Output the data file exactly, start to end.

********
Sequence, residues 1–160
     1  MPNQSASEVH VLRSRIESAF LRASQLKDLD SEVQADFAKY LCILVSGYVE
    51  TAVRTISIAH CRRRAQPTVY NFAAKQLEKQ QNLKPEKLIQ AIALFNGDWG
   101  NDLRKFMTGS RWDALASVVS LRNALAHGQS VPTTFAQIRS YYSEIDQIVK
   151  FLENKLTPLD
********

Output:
Sequence, residues 1–160
     1  MPNQSASEVH VLRSRIESAF LRASQLKDLD SEVQADFAKY LCILVSGYVE
    51  TAVRTISIAH CRRRAQPTVY NFAAKQLEKQ QNLKPEKLIQ AIALFNGDWG
   101  NDLRKFMTGS RWDALASVVS LRNALAHGQS VPTTFAQIRS YYSEIDQIVK
   151  FLENKLTPLD